Microsoft VC Conference – Steve Ballmer’s View On The World

Every year, Microsoft bigwigs trek down to Silicon Valley and brief the VC community on their world view and plans for the future. They are kind enough to invite East Coast VCs, not just locals, and so I flew out last week to partake in the annual event alongisde a few hundred of my VC brethren. Just as when I had attended the event in the past, the highlight was Steve Ballmer’s address.

I personally think Steve Ballmer is the CEO of the century. When he joined college buddy Bill, Microsoft’s revenues were $2.5 million. This year, they crossed $60 billion.  Yet, when you meet him in person, he remains incredibly down-to-earth and accessible. I remember a few years ago he gave out his email address. For fun, I sent him an email. I was stunned when he replied right back. I love watching him speak as he is full of fire and brimstone, but also very insightful.

A few of the highlights from this year’s discussion:

  • Ballmer claims he thinks of himself like a VC (ok, he was probably playing to the crowd a bit) – and tries to have a similar mindset as he makes decisions to prioritize and direct their $9 billion R&D budget.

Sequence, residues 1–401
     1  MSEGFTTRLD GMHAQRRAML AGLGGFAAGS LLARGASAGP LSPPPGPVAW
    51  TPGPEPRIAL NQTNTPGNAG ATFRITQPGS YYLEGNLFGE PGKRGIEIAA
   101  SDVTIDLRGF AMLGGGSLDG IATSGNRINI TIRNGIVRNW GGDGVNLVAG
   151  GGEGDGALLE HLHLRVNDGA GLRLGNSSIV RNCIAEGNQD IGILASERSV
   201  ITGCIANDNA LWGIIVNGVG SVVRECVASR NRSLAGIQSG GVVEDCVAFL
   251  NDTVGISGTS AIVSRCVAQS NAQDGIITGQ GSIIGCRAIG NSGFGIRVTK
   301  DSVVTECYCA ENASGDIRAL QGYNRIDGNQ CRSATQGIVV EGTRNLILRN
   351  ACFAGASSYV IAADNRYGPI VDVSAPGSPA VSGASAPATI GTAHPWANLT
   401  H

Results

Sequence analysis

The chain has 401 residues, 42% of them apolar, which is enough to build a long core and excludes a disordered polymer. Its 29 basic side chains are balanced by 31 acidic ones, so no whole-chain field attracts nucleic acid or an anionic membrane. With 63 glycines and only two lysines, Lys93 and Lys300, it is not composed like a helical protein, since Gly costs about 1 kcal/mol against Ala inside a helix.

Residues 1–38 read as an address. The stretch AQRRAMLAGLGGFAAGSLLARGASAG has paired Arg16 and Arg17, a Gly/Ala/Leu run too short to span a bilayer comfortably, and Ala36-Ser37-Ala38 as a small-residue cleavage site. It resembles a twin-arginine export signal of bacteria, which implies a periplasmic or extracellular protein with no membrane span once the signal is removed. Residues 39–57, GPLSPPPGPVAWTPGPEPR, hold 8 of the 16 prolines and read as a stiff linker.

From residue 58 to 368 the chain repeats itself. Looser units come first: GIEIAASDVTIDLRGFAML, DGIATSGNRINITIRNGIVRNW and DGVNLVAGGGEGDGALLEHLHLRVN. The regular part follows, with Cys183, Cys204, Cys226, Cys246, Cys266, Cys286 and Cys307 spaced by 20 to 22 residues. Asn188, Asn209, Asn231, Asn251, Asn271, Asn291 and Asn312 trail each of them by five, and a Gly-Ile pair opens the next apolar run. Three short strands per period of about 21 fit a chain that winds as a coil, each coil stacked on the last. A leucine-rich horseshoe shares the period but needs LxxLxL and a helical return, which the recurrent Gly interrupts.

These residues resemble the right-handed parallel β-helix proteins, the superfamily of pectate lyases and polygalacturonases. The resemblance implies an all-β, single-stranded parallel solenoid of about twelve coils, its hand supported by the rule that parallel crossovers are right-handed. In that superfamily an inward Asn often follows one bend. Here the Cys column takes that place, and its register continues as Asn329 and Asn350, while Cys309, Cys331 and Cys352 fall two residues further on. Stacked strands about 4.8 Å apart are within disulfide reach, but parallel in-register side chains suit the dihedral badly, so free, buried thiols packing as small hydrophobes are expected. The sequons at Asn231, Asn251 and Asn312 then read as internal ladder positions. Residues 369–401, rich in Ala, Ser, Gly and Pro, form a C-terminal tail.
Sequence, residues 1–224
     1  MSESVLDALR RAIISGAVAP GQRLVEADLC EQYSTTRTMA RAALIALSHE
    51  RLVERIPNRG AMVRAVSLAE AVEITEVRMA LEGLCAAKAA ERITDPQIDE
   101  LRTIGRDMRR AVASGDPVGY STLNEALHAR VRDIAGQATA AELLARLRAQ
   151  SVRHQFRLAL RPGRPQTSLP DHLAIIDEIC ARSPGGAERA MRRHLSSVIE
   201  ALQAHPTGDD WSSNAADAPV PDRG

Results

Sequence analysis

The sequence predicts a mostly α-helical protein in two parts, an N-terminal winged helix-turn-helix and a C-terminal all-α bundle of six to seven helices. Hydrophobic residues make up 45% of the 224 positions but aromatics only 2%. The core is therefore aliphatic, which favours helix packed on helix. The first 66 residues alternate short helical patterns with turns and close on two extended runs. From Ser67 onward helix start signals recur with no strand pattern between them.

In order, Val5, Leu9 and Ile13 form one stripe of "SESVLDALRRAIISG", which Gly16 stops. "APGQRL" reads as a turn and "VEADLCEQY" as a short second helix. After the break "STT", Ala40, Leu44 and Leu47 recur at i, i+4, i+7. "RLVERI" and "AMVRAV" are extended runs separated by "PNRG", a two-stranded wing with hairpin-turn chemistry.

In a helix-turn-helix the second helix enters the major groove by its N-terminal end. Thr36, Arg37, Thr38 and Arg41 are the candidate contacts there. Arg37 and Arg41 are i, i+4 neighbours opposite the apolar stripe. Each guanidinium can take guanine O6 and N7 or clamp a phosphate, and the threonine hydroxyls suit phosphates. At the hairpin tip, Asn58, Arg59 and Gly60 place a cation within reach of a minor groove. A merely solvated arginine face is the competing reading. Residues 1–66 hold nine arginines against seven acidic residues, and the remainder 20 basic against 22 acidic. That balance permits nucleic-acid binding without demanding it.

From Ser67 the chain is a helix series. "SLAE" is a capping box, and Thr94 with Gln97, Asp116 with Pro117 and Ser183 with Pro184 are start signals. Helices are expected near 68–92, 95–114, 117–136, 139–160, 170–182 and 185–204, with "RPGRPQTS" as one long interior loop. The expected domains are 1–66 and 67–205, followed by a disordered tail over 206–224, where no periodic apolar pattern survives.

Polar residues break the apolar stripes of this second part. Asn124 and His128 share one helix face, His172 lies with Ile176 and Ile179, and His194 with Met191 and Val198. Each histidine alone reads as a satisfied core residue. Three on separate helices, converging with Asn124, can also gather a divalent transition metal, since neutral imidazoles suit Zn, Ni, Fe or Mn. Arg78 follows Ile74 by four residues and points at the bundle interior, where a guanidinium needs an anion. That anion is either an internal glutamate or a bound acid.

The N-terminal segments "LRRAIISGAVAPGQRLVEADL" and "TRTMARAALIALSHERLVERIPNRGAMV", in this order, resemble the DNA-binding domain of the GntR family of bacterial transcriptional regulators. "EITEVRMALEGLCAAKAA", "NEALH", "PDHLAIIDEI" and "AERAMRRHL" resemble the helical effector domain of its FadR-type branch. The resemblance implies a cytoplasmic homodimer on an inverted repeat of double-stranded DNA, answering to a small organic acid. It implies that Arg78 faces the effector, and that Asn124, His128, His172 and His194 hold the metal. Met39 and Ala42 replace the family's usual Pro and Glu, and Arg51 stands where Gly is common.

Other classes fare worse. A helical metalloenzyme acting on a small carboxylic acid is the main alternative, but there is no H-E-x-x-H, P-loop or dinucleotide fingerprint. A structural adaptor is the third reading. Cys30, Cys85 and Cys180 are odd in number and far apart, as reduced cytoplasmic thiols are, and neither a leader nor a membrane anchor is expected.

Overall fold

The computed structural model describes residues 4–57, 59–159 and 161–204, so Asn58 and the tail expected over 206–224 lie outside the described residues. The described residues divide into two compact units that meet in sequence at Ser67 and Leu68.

• He couldn’t have been more bullish about the tech industry (which, he pointed out, feels as if it’s in a different world than the CNBC crowd we’ve all been watching lately) – very excited about all the innovations in cloud computing, mobile, search, the enterprise and elsewhere.
    Interestingly, he identified his top competitors as Google, Apple and Linux.  Secondary foes included IBM, Oracle, Amazon and SAP.  It goes to show how consumer focused Microsoft has become that two of their top three competitors are essentially consumer companies and brands. Amazingly, almost all of these companies are doing well – in large part thanks to innovation and global expansion.
  • He admitted that they screwed up the Yahoo acquisition but vowed to get better at such transactions. With their recent issuance of debt, clearly there is more to come.
  • In times like these, Ballmer indicated, he wants to be the guy with his foot pushing hardest on the pedal, implying that some of his competition might be thinkig of letting up due to the economic situation.

Microsoft clearly remains a force to be reckoned with, particularly with an executive as talented as Ballmer at the helm.